Are you a minimalist or a pack mule? Either way, you need to consider including these items in your arsenal this season.
Deer hunting has not been immune from advances in technology and tactics. Hunters run the gamut from bringing nothing more than a weapon and a pair of boots to an organized pack that contains everything but the kitchen sink.
Regardless of which denomination with which you identify, considering this list of essentials, along with the explanations for their inclusion in your deer pack, could help you bag more bucks this season.
• Binoculars. Veteran hunter Stan Avery from Union County, N.C., puts a good pair of field glasses at the top of his list. His explanation is that optics help him see deer both near and far and are especially useful at judging a deer’s headgear.
“We hunt a lot of logging roads, clearcuts and gullies,” Avery said. “My binoculars not only help me see deer at long, clear distances, but also distinguish animals before daylight and at sunset that I can’t see with the naked eye. Last season, I killed a nice 8-point that I would have sworn was just a big doe had I not checked out the head with my optics.”
Other benefits include being able to make sense of what you see or think you might be seeing by setting the focus at a fixed range and looking through tree limbs in the foregrounds.
• Rangefinder. Many hunters may scoff at the extravagance of carrying a rangefinder, but bowhunter Doug Goins of Pickens County, S.C., said having one is worth the cost and effort when it comes time to make the shot.
“I spend the first hour or so while I’m waiting for the woods to settle back down using the finder to range trees and then memorizing those distances,” Goins said. “I draw mental circles around my stand for which sight pin I need to use. That eliminates guessing if you have to make a quick shot at a passing deer.”
Goins said even gun hunters can benefit from a good rangefinder to set limits on how far they want to take a shot at a deer in the distance.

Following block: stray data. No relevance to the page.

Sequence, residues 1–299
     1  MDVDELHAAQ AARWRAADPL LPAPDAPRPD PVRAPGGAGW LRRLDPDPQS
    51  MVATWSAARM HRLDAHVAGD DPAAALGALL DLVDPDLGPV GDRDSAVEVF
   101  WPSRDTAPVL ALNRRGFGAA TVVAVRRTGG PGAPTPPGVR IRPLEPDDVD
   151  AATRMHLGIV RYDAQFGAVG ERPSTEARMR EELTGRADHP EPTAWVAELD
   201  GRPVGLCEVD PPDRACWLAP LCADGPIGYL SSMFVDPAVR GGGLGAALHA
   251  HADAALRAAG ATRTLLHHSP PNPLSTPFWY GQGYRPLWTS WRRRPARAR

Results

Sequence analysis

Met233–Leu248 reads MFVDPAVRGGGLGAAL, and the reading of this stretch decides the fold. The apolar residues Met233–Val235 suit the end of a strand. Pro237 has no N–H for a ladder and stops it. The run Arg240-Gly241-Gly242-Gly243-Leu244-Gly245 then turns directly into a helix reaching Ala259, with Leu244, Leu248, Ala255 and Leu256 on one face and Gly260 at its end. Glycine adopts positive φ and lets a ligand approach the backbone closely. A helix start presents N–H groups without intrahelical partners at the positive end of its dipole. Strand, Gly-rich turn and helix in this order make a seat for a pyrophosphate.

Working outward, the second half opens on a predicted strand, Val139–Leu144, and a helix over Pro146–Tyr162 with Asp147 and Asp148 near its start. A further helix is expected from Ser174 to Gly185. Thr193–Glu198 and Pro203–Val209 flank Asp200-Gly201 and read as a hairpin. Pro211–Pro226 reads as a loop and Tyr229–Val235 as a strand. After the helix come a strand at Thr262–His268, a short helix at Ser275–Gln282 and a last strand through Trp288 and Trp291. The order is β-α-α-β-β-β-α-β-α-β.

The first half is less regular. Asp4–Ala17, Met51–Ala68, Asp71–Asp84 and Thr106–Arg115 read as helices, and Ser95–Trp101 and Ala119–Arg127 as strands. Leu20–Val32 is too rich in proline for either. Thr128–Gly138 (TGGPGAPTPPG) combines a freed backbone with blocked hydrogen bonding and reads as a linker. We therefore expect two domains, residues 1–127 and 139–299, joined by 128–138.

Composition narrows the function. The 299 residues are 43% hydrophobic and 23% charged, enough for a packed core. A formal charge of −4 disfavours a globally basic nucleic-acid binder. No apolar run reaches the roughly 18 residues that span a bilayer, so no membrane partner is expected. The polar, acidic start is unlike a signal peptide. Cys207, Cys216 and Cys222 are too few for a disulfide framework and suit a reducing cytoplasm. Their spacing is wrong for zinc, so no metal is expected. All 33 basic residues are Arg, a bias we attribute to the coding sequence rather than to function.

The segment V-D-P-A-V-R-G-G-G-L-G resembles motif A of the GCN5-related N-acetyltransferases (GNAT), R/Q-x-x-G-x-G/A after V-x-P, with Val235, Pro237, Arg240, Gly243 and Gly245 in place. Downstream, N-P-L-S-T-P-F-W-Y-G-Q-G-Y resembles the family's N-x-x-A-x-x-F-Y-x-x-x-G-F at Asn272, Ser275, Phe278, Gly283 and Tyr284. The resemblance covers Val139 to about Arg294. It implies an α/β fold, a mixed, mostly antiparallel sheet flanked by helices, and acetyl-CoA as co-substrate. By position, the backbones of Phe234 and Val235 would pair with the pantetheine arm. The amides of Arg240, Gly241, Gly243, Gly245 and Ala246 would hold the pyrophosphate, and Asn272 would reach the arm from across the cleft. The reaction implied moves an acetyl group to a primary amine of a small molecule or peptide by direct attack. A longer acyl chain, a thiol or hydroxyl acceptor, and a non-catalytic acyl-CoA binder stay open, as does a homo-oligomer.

• Grunt call. Deer are vocal animals that communicate with each other year-round, not just during the rut as so many hunters believe. Jared Chambers, who hails from Wake County, N.C., has hunted deer all over North America and never leaves camp without a deer call either in his pack or around his neck.
“Most of the time, I’d rather a deer not have a clue that I’m anywhere around, but I’ve used a call to coax deer out of thickets I couldn’t see in, as well as come back to investigate after he crossed a shooting lane without giving me a shot,” Chambers said. “Neither of those situations was during the rut. I think the deer were simply curious as to who was in their neck of the woods and decided to investigate.”
Chambers also said calls have worked to soothe nervous does that were on the verge of busting him and wound up simply leaving his area rather than blowing and stomping for 30 minutes.
• Thermocell. The days of either swatting or suffering insect bites in silence are over with the invention of insect repellant devices. Allethrin, a synthetic copy of a natural repellent found in chrysanthemum plants, is the repellant of choice for Thermacell, a Maryland-based manufacturer that has replaced bug spray with hand-held butane heaters that create a 15-foot radius of mosquito and tick protection for stand hunters.
“We start hunting in the lower part of South Carolina in the swamps in mid-August,” said T.L. Duncan, who hunts in Bamberg County, S.C. “One thing I have learned is to put a fresh mat in my Thermacell and light it before I leave the truck. That way it’s hot when I get to the stand.”
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• Scent spray. Defeating a deer’s nose goes a long way towards being able to tag him in the woods. Kyle Clark of Doc’s Deer Scents, based in Greenville County, S.C., said hunters may be accustomed to spraying down with a scent blocker before they leave the house, camp or even their truck, but he carries a bottle with him in the stand.
“I’ll spray my boots down before I walk, but it’s nearly impossible not to sweat, especially early in the season ,when you’re wearing full clothing and hiking into the woods,” Clark said. “I’ll spray my stand once I get set up just to finish off any odor I bring in. Plus, the spray doubles as a wind indicator, telling me what kind of draft currents I might have to deal with in that particular stand site.”
Clark also said both food and sex attractants have their place in his pack, allowing him to actually steer deer away from his stand and out where he can get a good shot on a deer.
• Toilet paper. Aside from it’s intended purpose, which we can all agree seems to happen more frequently when sitting out in the woods rather than at home with a bathroom nearby, toilet paper has several other applications that make it indispensable as a deer pack staple.
Doubling as trail markers for tracking wounded deer, lens wipes to clean up your optics in the event of rain or dust, and with the addition of a role of electrical or duct tape, it can be a suitable substitute for a makeshift bandage should the need arise for one.
Rutt Wipe, an internet-based retailer (ruttwipe.com), markets blaze orange toilet paper using the slogan “Don’t Get Shot With Your Pants Down”. Other uses of the product are biodegradable trail markers, scent wicks and preventing another hunter from mistaking you from a deer’s white tail in the woods.